• Data for design: Adopting data-driven approaches for long term citizen participation and social sustainability in design for the public realm

Golchehr, Saba, 2019, Thesis, Data for design: Adopting data-driven approaches for long term citizen participation and social sustainability in design for the public realm PhD thesis, Royal College of Art.

Abstract or Description:

The world is flooded with more information than ever before. Ubiquitous digital
technologies have enabled direct access to large amounts of empirical data to inform a
wide range of topics and investigations. This thesis set out to explore how these novel data
technologies offer new opportunities to designers to greatly increase their knowledge of
the built environment and how people inhabit it, to inform design in the public realm.

The research has been developed under the umbrella of TRADERS (‘Training Art and
Design Researchers in Participation for Public Space’), an EU-funded international and
interdisciplinary research project. My research on the TRADERS project explored the
intersection between digital data analysis (including the topics of Big Data, data mining,
smart cities, algorithms, and more) and citizen participation in design for the public
realm. Moving beyond temporary effects of many current ‘disruptive’ participatory design
projects that have adopted digital technologies, the thesis concentrates on public realm
projects that aim to facilitate their active afterlife beyond the designers’ involvement. The
research identifies a recurring issue in current participatory design practices: designers
tend to create a community around themselves, and therefore place the wrong actor at the
centre of a project’s social network. Rather than building social constructs from scratch,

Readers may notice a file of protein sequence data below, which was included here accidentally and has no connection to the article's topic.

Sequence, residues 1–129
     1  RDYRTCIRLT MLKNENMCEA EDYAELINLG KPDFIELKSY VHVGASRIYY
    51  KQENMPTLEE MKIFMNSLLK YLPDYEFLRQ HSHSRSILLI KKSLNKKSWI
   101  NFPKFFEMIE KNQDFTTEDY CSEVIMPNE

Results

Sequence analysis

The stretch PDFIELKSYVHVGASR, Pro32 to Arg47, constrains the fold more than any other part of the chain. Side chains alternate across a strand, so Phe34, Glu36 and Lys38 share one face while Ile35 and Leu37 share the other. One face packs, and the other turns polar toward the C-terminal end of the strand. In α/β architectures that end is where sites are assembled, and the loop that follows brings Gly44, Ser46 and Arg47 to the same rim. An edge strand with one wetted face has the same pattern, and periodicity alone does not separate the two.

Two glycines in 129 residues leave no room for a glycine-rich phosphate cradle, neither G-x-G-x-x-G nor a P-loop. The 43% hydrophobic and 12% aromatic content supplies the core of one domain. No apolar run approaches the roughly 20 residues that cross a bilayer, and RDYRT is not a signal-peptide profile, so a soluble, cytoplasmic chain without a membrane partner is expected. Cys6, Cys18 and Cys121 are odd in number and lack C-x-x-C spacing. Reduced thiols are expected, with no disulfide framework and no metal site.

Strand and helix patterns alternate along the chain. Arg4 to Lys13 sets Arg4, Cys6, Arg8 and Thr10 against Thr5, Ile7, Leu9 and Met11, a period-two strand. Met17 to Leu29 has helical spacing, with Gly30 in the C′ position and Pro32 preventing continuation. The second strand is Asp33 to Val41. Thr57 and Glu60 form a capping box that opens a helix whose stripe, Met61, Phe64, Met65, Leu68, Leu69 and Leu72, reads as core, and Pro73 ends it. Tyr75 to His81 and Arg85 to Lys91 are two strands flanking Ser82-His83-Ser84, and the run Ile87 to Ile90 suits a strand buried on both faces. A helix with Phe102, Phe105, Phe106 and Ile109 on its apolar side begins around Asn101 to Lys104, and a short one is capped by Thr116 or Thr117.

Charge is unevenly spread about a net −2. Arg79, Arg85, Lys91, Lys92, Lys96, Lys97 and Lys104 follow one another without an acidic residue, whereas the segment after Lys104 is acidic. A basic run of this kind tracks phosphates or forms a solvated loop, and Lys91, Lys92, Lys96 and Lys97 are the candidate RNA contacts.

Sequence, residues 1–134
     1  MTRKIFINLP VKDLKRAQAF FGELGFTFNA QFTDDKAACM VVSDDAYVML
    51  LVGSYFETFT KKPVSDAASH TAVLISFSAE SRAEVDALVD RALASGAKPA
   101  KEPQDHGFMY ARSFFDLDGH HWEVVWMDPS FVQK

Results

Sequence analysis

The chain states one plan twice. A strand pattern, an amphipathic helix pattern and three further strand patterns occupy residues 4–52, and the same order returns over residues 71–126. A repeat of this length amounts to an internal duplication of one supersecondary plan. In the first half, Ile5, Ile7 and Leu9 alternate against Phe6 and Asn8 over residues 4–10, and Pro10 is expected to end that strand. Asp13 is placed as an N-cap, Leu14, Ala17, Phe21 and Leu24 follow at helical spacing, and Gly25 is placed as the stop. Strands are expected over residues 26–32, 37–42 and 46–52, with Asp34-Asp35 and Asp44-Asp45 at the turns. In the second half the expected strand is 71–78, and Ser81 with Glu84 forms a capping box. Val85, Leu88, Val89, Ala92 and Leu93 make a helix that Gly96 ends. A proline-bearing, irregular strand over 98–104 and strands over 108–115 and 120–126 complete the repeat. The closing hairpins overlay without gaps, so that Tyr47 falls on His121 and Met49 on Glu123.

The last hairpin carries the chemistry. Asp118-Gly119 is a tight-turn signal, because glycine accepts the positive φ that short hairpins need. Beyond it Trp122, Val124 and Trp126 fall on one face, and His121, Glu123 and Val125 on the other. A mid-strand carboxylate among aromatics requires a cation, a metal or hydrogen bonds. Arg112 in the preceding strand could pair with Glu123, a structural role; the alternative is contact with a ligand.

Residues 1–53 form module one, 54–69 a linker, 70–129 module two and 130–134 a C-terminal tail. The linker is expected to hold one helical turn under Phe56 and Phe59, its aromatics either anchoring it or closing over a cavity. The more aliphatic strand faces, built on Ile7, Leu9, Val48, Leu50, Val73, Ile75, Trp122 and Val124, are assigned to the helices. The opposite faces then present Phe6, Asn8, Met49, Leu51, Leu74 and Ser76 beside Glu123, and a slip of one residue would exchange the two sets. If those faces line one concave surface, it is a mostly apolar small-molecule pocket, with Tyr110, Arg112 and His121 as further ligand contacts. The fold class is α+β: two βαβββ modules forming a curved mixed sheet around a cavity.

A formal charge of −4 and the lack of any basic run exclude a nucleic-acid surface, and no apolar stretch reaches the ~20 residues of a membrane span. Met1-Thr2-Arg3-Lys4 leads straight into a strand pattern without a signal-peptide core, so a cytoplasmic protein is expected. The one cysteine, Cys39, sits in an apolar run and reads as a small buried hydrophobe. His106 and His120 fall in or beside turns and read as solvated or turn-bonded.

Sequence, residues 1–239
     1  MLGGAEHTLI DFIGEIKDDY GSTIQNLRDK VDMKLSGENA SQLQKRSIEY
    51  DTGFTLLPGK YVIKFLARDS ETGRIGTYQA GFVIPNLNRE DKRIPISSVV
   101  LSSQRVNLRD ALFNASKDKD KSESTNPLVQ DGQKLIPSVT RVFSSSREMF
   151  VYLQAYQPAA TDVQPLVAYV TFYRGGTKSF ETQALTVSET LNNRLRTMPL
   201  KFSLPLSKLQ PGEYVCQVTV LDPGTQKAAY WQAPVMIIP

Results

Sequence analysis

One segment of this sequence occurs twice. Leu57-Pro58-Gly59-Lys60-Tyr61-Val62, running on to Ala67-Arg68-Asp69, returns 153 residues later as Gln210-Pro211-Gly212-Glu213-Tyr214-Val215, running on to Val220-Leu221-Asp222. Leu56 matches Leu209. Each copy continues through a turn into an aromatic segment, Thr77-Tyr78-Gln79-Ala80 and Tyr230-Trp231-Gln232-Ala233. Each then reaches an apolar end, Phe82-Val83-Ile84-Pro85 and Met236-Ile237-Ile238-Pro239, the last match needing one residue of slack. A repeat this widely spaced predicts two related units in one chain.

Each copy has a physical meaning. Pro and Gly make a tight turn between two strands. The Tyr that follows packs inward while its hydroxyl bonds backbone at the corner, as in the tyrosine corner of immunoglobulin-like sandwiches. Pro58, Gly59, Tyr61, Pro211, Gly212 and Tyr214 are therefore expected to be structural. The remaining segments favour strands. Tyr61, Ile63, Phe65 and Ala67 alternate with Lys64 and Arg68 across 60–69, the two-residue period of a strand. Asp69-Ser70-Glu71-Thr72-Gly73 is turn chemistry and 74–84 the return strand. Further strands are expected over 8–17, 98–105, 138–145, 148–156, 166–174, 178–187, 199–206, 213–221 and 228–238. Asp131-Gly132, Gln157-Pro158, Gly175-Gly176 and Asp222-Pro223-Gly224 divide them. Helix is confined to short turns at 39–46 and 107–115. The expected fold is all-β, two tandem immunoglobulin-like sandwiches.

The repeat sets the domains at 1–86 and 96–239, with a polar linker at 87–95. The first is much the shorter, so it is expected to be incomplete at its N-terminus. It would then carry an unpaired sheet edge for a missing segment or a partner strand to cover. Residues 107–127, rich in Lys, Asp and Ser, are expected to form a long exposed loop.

the research demonstrates that analysing socio-spatial digital data could help architects
identify existing active communities, design the physical conditions to facilitate longterm
citizen engagement, thereby helping to shape socially sustained, resilient public
space projects that are able to adapt to changing demands and a dynamic demographic.

There is a vast amount of digital data on users available today; however, their potential
as empirical input for the social dimension within spatial design has so far remained
underexplored by designers. While digital tools are not new to the spatial design
professions, technologies they have adopted, such as computer-aided design (CAD)
and parametric modelling, all concentrate primarily on the built object. By introducing
a human-centred focus, the thesis moves beyond the current object-oriented fixation
of digital technologies for architecture and urban design. Through several case studies
from practice, the thesis demonstrates how digital data analysis could help design firms
conduct more thorough and in-depth explorations of the social layer of a local context.
Furthermore, the thesis argues that an extensive and advanced analysis of a local context
in an initial phase of the design process can help develop a more relevant initial premise,
and therefore help develop a more context-appropriate and socially sustainable design.

While it can be tempting to use technology for technology’s sake, the thesis argues that
data-driven approaches should become another tool in an architect’s kit. New digital
tools do not have to be foregrounded within the architectural discipline; instead, they can
function as an aid to develop and consolidate more empirically-based human-centred
designs. The thesis concludes that digital data technologies are useful instruments
that enable alternative approaches and interventions aimed at serving the public.
Incorporating these technologies into existing design practices, however, requires
training and education.

Qualification Name: PhD
Subjects: Architecture > K100 Architecture
Creative Arts and Design > W200 Design studies
School or Centre: School of Architecture
Date Deposited: 03 Sep 2019 08:59
Last Modified: 04 Jun 2020 15:57
URI: https://researchonline.rca.ac.uk/id/eprint/4060
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